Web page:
The search for the manly heart requires courage, love and pride. We have lost sight of true manliness and need to recover our understanding of what a man should be. Not a macho freak, nor a spineless wimp who lets others wear the trousers, not a youth on a wilding, nor a father who fails to discipline his children. For too long, we have been using the incorrect models for maleness. This is the premise of The Code of Man, a comprehensible and scholarly textbook for manhood.
Waller R. Newell, a professor of political science and philosophy, examines manliness from five important promontories: love, courage, pride, family and country. Taking them in reverse order, Newell draws heavily on the writing of Theodore Roosevelt (John McCain's personal hero) in discussing true patriotism. TR held that a man's religion must be practical, must reflect in action his spiritual beliefs, and, similarly, "it is character that counts in a nation as in a man." Patriotism is not the province of the political phrasemakers; it is evidence of our national character, and a strong country will produce capable men."
TR, noted in history as the man who led the charge up San Juan Hill, confessed that his own impulses "incline me to amicable domesticity." It is morally correct to fight when the protection of the family is at issue. Newell contends that "father's authority" is not dictatorial, and that young men need the counsel of a father willing, if need be, to discipline, and to rule by example. We secretly long for the lost Eden of secure family ties, and if we are honest, confess "queasiness" at the ultimate and obvious consequences of divorce and other forms of family dysfunction. Raising children together with his chosen mate is one of the highest callings a man can undertake, bringing into play all the other virtues in Newell's pantheon.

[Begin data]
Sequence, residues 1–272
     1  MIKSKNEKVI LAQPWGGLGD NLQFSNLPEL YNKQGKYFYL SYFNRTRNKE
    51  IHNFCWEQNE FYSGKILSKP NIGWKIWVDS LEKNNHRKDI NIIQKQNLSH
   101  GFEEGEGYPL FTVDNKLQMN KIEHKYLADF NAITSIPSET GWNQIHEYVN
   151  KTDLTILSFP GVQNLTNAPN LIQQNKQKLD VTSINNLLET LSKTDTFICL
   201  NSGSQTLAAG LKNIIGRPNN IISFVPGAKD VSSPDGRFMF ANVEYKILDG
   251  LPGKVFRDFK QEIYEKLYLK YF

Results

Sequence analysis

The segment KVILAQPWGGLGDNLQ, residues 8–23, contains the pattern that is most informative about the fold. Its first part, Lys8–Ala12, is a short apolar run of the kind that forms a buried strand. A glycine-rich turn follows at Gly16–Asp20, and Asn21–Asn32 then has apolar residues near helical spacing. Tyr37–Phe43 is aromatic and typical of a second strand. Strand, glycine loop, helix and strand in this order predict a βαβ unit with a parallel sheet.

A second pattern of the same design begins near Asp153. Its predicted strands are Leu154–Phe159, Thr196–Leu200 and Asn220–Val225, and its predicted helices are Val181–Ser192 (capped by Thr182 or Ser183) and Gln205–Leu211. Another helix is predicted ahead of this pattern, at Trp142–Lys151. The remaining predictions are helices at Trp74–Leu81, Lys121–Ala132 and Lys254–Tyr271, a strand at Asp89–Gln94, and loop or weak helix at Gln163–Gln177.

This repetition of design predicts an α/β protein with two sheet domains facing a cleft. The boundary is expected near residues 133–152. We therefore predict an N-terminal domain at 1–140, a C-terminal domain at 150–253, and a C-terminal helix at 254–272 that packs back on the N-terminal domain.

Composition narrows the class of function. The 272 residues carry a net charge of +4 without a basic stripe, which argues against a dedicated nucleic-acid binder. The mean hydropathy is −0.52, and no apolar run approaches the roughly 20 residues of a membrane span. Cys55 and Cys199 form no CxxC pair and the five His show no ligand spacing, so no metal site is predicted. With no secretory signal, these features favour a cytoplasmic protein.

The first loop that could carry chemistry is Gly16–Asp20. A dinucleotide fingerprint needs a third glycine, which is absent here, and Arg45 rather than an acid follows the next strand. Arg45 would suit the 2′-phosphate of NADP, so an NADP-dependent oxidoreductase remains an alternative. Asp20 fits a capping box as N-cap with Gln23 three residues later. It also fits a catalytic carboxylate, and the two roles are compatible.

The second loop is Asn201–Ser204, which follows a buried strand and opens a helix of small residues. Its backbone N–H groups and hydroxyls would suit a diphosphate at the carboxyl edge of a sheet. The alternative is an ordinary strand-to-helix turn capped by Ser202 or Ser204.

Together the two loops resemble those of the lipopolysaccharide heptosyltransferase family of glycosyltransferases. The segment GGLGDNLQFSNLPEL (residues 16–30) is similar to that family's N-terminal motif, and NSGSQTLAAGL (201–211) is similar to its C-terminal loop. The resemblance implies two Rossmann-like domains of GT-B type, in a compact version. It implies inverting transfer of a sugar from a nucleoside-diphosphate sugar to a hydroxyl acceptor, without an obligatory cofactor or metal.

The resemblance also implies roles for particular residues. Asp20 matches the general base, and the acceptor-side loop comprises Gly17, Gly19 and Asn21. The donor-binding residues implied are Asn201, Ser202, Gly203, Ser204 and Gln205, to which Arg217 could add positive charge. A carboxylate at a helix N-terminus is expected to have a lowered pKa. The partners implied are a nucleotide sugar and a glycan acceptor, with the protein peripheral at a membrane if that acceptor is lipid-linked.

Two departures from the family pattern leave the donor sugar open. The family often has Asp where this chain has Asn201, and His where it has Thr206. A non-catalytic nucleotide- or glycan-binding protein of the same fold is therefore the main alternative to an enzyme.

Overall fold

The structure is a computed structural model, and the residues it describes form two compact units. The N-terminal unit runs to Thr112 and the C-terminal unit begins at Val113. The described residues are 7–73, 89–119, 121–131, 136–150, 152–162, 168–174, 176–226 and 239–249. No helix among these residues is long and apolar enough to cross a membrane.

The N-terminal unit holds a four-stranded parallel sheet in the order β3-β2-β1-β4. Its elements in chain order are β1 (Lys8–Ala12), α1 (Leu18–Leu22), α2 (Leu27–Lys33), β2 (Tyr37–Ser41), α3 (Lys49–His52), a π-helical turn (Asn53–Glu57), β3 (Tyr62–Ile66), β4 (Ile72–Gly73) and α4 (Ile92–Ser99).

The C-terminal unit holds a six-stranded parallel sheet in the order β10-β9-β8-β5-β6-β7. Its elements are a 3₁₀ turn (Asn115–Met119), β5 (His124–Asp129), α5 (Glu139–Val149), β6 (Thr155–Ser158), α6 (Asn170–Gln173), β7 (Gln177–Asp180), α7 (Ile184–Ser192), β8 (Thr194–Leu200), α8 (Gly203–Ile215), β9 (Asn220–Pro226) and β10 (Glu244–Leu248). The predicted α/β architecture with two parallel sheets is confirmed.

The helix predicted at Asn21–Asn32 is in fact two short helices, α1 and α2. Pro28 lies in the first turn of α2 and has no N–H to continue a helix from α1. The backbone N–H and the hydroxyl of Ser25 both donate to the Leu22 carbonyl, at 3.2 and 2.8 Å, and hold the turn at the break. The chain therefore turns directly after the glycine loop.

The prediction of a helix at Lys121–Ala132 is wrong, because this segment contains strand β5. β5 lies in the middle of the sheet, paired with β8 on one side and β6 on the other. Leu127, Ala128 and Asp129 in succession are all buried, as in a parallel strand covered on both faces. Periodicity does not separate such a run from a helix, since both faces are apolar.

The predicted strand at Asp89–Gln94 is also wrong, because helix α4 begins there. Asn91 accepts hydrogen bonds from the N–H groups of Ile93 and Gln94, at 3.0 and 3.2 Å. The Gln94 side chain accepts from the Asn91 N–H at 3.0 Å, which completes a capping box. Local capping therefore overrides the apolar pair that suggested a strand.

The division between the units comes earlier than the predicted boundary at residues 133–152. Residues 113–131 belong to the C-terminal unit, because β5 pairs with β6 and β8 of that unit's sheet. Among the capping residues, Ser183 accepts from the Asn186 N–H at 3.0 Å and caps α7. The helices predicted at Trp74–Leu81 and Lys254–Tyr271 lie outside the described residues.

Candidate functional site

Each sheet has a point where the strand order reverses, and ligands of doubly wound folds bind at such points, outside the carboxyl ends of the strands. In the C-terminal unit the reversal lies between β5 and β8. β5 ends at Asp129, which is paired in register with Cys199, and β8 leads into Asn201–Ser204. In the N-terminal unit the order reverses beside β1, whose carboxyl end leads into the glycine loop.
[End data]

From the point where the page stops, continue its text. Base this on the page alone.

In depicting the positive pride that a man must be unafraid to display, Newell refers to Churchill's praise of T. E. Lawrence: not just his prowess and daring, but "his immense quiet charm, his air of effortless command, the modesty that came not from humility but because he would not lower himself to boast or plead." Harking back to the classic Greek ideal of civic pride, we understand that the ambitions of the young man must be re-channeled toward the common good and the pursuit of knowledge. "Pride must always be guided by wisdom."
Courage is not, of course, the brazenness to discharge a weapon on a whim or the guts necessary to attack an innocent. Like the other building blocks of successful manliness, courage springs from a balanced vision and a willingness to do what must be done. Combat is a test of courage, not a proof of it. Bravery will not be found in extremes of pacifism or extremes of warmongering. In Newell's words, "the noblest form of courage is the struggle to defend and extend justice and to overcome our own baser instincts."
And what of love? "Love perfects." The Art of Courtly Love, a classic work of chivalry, proclaims that a man who lusts after every woman he sees is like " shameless dog." Think about it, gentlemen. The same work declares: "Love is a certain inborn suffering derived from the sight of and excessive meditation upon the beauty of the opposite sex...the man in love becomes accustomed to performing many services gracefully for everyone." In loving, which implies wanting to be loved, a man can perfect himself by becoming loveable.
This erudite look at what a man can be, draws on wide and well chosen sources, from Jane Austen to Toqueville, from the Greek classics to The Sopranos. A good read for either gender and a great gift for any thoughtful young man of your acquaintance.